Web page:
Issued: Tuesday 11 November 2014
Attorney General and Minister for Justice Brad Hazzard said the NSW Ombudsman could be assured that frontline agencies have strict procedures in place for people subject to preventive detention orders (PDO) under NSW terrorism laws.
The NSW Ombudsman's report regarding the use of preventative detention orders and covert search warrants was tabled in the NSW Parliament today.
"These powers allow the police to apply to the Supreme Court to detain a person without charge for up to 14 days to prevent a suspected imminent terrorist act or preserve evidence of a terrorist act," Mr Hazzard said.
"PDOs were used for the first time in September 2014 - three people were detained by way of PDOs as a result of an investigation by the Joint Counter Terrorism Team into a group of people believed to be planning random attacks on individuals in Australia.
"With the country now on a high security alert and the possibility these powers will be called on in future, I can assure the community that Corrective Services NSW have operational guidelines in place to manage those subject to a PDO."
The guidelines were developed following consultation with key groups including the Anti-Terrorism and Security Group of the NSW Police Force and the NSW Ombudsman.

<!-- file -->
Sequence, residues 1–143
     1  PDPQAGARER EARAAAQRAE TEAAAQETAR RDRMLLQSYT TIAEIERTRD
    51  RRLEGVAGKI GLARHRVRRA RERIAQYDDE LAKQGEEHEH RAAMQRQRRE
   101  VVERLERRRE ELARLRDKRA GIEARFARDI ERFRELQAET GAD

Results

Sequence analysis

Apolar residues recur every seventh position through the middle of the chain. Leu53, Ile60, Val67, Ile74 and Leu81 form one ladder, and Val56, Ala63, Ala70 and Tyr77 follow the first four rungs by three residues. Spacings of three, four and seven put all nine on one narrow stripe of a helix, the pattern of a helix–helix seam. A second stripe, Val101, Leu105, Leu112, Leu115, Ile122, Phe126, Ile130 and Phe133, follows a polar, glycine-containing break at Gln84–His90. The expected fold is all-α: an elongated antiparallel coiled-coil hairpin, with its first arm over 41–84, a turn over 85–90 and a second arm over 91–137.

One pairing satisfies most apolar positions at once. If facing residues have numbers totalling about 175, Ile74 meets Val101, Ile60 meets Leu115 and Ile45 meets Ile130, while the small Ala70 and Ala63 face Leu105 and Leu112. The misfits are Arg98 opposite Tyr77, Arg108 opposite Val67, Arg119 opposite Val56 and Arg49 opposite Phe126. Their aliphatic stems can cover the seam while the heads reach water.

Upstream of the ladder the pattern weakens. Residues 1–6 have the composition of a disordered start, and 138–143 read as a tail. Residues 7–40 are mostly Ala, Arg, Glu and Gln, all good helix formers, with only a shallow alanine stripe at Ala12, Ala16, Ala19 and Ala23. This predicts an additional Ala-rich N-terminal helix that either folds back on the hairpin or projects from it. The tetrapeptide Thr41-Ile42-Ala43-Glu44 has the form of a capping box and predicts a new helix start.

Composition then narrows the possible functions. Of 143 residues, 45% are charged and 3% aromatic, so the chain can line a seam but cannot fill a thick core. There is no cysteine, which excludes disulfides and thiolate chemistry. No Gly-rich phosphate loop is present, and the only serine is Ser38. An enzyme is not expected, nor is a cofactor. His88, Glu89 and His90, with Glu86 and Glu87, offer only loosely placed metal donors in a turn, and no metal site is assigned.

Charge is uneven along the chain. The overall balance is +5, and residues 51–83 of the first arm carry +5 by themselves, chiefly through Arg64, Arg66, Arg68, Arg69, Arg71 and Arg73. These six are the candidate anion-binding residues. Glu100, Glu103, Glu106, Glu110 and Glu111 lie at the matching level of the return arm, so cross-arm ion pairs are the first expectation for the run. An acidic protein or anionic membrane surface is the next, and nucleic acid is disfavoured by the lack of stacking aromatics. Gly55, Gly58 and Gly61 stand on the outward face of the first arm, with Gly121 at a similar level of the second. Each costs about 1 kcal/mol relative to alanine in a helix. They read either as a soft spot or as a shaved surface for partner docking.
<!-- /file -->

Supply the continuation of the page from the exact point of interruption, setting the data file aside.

The Ombudsman's report also recommends the Commissioner of Police review Police, Corrective Services and Juvenile Justice procedures to ensure they are consistent, comprehensive and integrated.
Minister for Police and Emergency Services Stuart Ayres said under a PDO, NSW Police retain responsibility for a person's detention even when in the physical custody of Juvenile Justice or Corrective Services NSW.
"Representatives from the NSW Police Force Terrorism Investigation Squad have met with Corrective Services and Juvenile Justice to ensure compliance and consistency across agencies," Mr Ayres said.
"The NSW Liberals & Nationals Government and frontline agencies are vigilant and committed to protecting our community from terrorist acts."